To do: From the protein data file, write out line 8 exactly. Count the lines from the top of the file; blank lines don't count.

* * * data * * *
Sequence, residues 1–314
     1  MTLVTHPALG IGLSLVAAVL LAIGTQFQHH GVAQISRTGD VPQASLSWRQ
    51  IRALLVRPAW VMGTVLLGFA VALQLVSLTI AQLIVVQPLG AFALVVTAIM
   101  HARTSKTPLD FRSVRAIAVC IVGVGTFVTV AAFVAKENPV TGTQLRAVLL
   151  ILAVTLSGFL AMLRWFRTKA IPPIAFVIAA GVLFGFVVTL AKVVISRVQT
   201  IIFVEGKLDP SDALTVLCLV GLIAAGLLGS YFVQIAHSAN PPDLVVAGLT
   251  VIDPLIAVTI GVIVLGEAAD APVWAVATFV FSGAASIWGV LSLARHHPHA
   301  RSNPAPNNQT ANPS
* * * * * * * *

   301  RSNPAPNNQT ANPS